On Tuesday, the Portland-based outfit announced Series C funding round of $8.5 million, including investments from Cisco, VMware, and Google. Mountain View tells Wired that its investment is in no way strategic, but Puppet founder Luke Kaines indicates that both VMware and Cisco will advise his company.
“VMWare and Cisco both sell directly to our IT customers and sysadmins,” Kaines says. “It’s crucial to have partners which understand that building software for the end-user is the most important.”
Kaines actually built Puppet Labs with Google in mind. Back in 2005, web giants such as Google and Amazon were using software that did automated IT tasks in their data centers, but these tools were completely proprietary. Kaines sought to bring this sort of IT automation to the masses, building an open source platform as well as an for-pay offering designed specifically for enterprises. “Our open source product solves most problems of every enterprise,” he says. “And our commercial product solves every problem of most enterprises.”
The implication is that the open source product will require a little coding to completely suite an enterprise’s needs, while the commercial product — Puppet Enterprise 2.0, announced in September — is ready right out of the proverbial box. Kaines points out that online giants like Zynga and Twitter use Puppet for their production environments.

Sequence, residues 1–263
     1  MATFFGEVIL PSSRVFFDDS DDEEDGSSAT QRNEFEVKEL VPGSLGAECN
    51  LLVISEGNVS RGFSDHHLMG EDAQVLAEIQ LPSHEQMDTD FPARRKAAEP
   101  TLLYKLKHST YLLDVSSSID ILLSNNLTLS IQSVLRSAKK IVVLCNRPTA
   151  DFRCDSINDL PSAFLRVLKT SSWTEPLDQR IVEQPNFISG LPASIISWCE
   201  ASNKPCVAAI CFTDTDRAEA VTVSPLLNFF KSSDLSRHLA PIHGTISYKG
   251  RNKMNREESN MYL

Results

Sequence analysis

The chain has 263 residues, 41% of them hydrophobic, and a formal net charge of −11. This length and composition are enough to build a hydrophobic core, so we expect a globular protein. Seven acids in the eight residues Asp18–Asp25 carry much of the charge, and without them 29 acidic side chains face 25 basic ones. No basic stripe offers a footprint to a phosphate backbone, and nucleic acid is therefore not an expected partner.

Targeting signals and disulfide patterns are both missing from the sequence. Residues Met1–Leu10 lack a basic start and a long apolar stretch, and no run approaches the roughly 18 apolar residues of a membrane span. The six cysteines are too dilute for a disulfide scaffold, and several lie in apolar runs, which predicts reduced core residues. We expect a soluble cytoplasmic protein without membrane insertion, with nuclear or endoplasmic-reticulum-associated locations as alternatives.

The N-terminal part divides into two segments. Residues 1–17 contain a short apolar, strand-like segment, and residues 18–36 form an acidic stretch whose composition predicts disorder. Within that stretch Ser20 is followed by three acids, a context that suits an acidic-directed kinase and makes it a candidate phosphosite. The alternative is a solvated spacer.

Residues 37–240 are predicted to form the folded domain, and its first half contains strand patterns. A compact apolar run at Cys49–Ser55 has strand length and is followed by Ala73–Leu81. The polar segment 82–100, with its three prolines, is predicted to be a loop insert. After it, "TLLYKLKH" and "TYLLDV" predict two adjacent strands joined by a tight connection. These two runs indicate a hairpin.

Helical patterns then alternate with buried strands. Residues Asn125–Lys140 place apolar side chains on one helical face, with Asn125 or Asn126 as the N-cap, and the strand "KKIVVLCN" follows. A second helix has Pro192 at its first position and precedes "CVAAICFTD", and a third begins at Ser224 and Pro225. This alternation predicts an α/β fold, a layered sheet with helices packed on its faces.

According to Kaines, Puppet needed additional funding because it couldn’t keep up with the market demands, especially when it came to Puppet Enterprise 2.0.
Kaines says that Google now uses Puppet for its internal IT systems — the infrastructure that supports employee desktops and laptops — but he adds that Google is still quite secretive about the infrastructure underpins its search engine, Gmail, and other public web services.
A spokeman for Google Ventures — the company’s investment arm — tells Wired.com that its Puppet Labs investment is merely that. “Some of the early press reported that the Puppet Labs funding deal is strategic,” he said. “That’s incorrect. It’s strictly a venture deal and not strategic in any way.”